DVI (Good) – First digital video connection used for PCs, carries a digital video signal up to 1920×1200 resolution. A standard DVI cable has a DVI connector on both ends of the cable (also referred to as a DVI to DVI cable). A DVI-I output can be converted to VGA using an adapter. All Plugable products that have a DVI output are of the DVI-I variety, and include a DVI to VGA adapter in the box.

DVI can also be converted to HDMI by using a separate adapter, or there are cables that have a DVI connector on one end and an HDMI connector on the other. A DVI to HDMI cable is bi-directional. 

HDMI (Better) – Most common type of video connection for modern televisions, also featured on many modern monitors. Carries a digital video signal up to 3840×2160 (as well as audio) depending on the version of HDMI specification in use by both the source (output) and receiving device (input). Can be converted to DVI by using a separate adapter, or there are cables that have a HDMI connector on one end and an DVI connector on the other. A HDMI to DVI cable is bi-directional. 

DisplayPort (Best) – A common type of video connection used in modern monitors, similar in many ways to HDMI but uses a fundamentally different protocol (typically not found in televisions). Carries a digital video signal up to 4096×2160 (as well as audio) depending on the version of DisplayPort (DP)  specification in use by both the source (output) and receiving device (input).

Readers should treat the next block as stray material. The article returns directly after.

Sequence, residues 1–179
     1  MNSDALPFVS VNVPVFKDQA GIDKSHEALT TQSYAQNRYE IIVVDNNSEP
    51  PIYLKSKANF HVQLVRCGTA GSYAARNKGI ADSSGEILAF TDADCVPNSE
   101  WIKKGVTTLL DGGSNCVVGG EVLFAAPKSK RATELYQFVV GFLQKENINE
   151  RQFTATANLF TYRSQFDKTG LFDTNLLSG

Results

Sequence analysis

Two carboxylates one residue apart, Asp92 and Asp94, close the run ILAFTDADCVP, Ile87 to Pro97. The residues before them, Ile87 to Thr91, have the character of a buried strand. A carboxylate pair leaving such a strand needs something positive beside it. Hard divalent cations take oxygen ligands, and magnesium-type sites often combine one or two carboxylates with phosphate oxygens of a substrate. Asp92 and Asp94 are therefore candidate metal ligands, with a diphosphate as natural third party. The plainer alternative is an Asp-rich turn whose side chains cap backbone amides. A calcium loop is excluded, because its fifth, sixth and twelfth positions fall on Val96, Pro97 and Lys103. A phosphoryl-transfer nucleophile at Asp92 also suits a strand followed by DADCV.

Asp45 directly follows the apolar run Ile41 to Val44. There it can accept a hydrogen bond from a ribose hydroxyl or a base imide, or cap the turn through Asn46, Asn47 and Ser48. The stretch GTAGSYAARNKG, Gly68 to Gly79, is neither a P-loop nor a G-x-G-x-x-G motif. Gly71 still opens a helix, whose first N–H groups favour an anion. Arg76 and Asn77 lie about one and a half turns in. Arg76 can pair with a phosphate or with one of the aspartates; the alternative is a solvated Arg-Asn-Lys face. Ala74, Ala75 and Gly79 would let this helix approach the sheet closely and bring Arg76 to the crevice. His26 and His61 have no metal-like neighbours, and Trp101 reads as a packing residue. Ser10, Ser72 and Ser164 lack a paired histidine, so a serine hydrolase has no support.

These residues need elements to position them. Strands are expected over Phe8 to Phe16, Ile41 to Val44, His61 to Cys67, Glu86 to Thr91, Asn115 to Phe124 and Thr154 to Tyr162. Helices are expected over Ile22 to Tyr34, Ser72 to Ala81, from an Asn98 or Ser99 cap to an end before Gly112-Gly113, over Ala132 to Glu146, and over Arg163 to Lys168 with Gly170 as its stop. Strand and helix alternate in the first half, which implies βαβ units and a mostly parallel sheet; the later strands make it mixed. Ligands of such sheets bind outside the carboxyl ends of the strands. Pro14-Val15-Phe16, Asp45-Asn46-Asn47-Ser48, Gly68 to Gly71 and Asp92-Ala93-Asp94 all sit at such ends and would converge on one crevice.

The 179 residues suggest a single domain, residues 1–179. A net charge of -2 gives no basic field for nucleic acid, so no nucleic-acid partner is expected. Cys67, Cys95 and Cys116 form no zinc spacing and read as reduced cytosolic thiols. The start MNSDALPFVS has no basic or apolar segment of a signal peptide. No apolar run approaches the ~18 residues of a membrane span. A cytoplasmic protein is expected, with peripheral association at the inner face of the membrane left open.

Can be converted to HDMI, DVI or VGA using adapters, of which there are two possible types, Active and Passive. An active adapter is as the name implies, it ‘actively’ converts the video signal to a different type. A passive adapter only provides for the conversion of the physical connector type, and does not change the video signal itself. 

The type of adapter required depends on the capabilities of the source DisplayPort output. A ‘Dual Mode’ DisplayPort (also known as DP++) can use passive adapters while a ‘pure’ DisplayPort port requires Active adapters. Plugable offers products with both types.

In general, the best approach is to first determine what types of video inputs are available on the displays you wish to attach to the dock. Once that information is in hand, you can compare that to the available video outputs offered by our various docks. With both ‘ends’ of the connection known, you can determine what types of video cables and adapters will be needed to connect your displays. 

Audio

Virtually all docking stations are available with stereo headphone and microphone ports.

Ethernet

A wired network connection is faster, more stable, and more secure than WiFi, but many ultra-slim laptops don’t have an Ethernet port. An Ethernet port on your docking station fills the void and comes in handy if there’s Ethernet available where you’ll be working.

Host charging